Fake Email Grammar

This particular fake email identifier has improved over time, but has so far proven true.  Number four here is the poor grammar wording used in the email.  4a should be Customer Service, not Customer Services.  4b should be “if you do not wish to have your account banned”.  Multi-million dollar companies or professional organizations are not going to send you poorly worded messages.  Some fake emails have bad grammar because the senders do not speak your native language.  Other fake email senders may not even know their word usage is bad.

Other Fake Email Clues

If you didn’t sign up for a free gift or sweepstakes, it’s probably a fake email.  If you don’t even know anyone from the country your prize is coming from, it’s a fake email.  If you didn’t order anything from Target or Wal-Mart or wherever you shop online, it’s probably a fake email.  Look through the spam folder in your email.  You will see many examples of fake emails.  Occasionally I find legitimate emails in my spam folder, so it’s good to check every so often.  Just be careful not to click any links, or open any attachments.

What To Do With Fake Emails

Take an extra moment to verify you are clicking on a valid website address.  Unless I am one hundred percent sure it is a valid email, I do not click on email links.  I will manually type them in my browser address bar for shorter links, or highlight and copy if the link is longer.  Do not use the ‘Copy Link address’ option.  Use Copy or Copy Text.

If it is a fake email, you should mark it as spam if you can, or delete it. Marking it as spam can help your email provider identify persistent scam artists.  Whatever you do, don’t click the link.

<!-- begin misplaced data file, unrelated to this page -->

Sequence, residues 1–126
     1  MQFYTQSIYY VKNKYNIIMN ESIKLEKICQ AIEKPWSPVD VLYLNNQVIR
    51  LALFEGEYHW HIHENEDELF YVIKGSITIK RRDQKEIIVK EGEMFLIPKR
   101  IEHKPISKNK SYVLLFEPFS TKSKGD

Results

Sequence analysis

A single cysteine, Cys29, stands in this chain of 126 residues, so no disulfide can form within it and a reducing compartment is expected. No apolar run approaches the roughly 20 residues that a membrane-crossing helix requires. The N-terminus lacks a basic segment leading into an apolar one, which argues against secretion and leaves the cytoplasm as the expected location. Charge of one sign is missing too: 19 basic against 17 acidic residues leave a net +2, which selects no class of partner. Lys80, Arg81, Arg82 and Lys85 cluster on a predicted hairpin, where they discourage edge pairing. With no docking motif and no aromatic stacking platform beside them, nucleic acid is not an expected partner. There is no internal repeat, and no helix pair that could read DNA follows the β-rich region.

If you want more practice, look at the fake email below.  Using what you learned above, tell me what one the potential clues are in the comments.  (Save some for others)  Now GROUP EXERCISE!  GO!

P.S. Please pass this on if you find it useful.  You could save a friend some considerable trouble in the future.

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2 Responses

  1. Aydrien says:

    Great info. It can also be helpful to see if the company being spoofed collects these emails to help them track down scammers, particularly if it’s a company you do business with yourself. Back when I was playing WoW, Blizzard had an email you could forward these type of letters to so that they could pursue legal action against the sender where possible. The trick is you have to make sure to include all the headers from the original message when you send it, which most email services don’t do by default. Checking the help or customer service of the company’s website (remember, type it in, don’t use the link in the email!) should have information on that if they do collect them.